This webinar looks into critical strategies for making digital products profitable.
Books From Scratch is a collaborative writing platform in which writers submit chapters to continue a story and readers upvote their favorite submissions. And like other crowdsourcing sites, Books From Scratch is dedicated to vetting the best collaborative tales and preparing them for publication.
Google is allegedly working on a free, open access platform for the research, collaboration and publishing of peer-reviewed scientific journals.
At least, that is apparently what one individual wants us to believe. Wired.co.uk is in possession of a document, sent anonymously, detailing how "Google Science" would bring together existing services such as Google Docs, Google Plus, YouTube and more to create a platform that challenges the paid-for model of scientific publishing and provides academics with an opportunity to connect with each other more efficiently.
It sounded like a good idea: fans of cultural figures like Kurt Vonnegut and G.I. Joe get permission to use their favorite characters to create new stories under the umbrella of Amazon, and everyone gets a cut of the profits. So how it did turn out?
So far the results of the project, known as Kindle Worlds, appear lackluster at best. Take the popular series Pretty Little Liars, which became available as an Amazon-licensed fan fiction title last year.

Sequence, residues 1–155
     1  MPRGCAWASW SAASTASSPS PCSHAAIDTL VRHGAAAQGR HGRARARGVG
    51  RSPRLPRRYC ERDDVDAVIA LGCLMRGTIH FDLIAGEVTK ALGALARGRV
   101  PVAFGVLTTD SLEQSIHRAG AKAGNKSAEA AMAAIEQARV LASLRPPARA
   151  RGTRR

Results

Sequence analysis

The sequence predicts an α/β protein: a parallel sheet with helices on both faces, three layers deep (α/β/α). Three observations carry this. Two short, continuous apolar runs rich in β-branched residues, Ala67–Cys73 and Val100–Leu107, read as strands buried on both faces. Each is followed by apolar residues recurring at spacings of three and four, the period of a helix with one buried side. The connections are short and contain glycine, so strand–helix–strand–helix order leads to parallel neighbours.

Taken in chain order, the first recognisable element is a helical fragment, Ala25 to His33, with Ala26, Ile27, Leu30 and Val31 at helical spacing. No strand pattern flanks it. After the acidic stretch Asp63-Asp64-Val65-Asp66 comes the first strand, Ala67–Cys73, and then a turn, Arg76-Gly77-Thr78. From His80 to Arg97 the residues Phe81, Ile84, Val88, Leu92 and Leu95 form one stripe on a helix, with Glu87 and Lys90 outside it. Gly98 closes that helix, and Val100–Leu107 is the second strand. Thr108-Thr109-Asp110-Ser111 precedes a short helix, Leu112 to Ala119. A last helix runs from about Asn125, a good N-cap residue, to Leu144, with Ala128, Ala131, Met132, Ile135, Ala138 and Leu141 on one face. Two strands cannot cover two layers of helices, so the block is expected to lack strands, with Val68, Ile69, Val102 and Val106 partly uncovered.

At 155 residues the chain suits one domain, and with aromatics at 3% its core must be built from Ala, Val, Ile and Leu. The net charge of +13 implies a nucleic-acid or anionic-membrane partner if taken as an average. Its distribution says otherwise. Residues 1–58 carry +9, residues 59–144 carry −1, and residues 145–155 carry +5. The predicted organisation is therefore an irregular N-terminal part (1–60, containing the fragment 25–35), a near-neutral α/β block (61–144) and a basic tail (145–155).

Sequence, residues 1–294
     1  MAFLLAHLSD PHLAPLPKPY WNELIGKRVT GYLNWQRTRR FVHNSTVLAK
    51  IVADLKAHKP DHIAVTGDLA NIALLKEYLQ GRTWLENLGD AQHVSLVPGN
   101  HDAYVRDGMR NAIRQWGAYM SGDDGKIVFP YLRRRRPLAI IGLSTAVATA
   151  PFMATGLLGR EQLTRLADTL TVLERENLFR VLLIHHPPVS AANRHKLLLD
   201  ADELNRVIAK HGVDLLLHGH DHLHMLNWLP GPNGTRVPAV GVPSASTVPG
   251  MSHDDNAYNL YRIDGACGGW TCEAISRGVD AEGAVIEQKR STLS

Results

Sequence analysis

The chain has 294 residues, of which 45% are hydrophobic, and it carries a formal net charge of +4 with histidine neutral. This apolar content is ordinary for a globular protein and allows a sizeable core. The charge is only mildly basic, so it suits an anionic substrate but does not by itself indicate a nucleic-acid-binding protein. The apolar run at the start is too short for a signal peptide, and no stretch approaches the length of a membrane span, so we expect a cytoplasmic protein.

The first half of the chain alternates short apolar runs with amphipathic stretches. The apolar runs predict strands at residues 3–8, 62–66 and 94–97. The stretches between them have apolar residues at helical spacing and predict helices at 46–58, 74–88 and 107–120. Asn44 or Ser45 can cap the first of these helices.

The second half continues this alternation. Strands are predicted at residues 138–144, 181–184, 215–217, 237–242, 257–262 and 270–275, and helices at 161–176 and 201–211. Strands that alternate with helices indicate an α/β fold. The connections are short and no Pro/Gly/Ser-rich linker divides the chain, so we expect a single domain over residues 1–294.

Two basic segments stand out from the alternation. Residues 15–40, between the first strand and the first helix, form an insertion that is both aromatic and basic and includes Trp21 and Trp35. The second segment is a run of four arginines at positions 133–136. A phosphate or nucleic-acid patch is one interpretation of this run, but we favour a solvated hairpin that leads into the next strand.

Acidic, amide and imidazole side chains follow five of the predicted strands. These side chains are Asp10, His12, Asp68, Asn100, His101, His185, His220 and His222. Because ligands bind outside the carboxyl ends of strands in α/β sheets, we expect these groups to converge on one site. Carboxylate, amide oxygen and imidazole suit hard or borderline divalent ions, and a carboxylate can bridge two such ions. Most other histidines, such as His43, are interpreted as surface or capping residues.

Publishers are adopting crowdsourcing platforms in order to empower readers and authors without losing them to pure self-publishing platforms.
Tablo is a book publishing platform and online reading community that is beginning to make its mark on the industry. Like Wattpad, Tablo allows authors to share their in-progress works with readers and gather feedback to improve those works. The big difference, says founder Ash Davies, is that Tablo can help authors design, monetize, and distribute their work. Below Davies describes how Tablo intends to put publishing power in authors' hands.
Academia.edu is a key player in the movement toward open access scientific publishing, with over 11 million participants who have uploaded nearly 3 million scientific papers to the site. It's easy to understand Price's frustration with the current model, in which academics donate their time to review articles, pay for the right to publish articles, and pay for access to articles. According to Price, journals charge an average of $4000 per article: $1500 for production costs (reformatting, designing), $1500 to orchestrate peer review
Wattpad, an online writing and reading community, has acquired the Red Room, an online community originally described as a "Facebook for authors." The Red Room site will be subsumed into Wattpad and go offline beginning July 8.
Former Red Room authors are invited to create new accounts at Wattpad. A spokesperson for Wattpad said former Red Room authors will "have to create a Wattpad account and migrate their stories over themselves." She said that Wattpad has a "dedicated team member on our Community Team who is helping Red Roomers with this transition."
On Christmas Eve Day in 2012, I sat in a Starbucks and wrote an enthusiastic post about why it had been the year of the e-single. E-singles - works of journalism between 3,000 to 15,000 words, usually nonfiction and sold as individual ebooks - were "a true digital-native format," I wrote, "the format for our time," ideal to read curled up with your iPad.
With the crash and burn of Byliner this year, however, my enthusiasm seems less than prescient. Byliner, which launched in 2011, was one of the darlings of the literary startup scene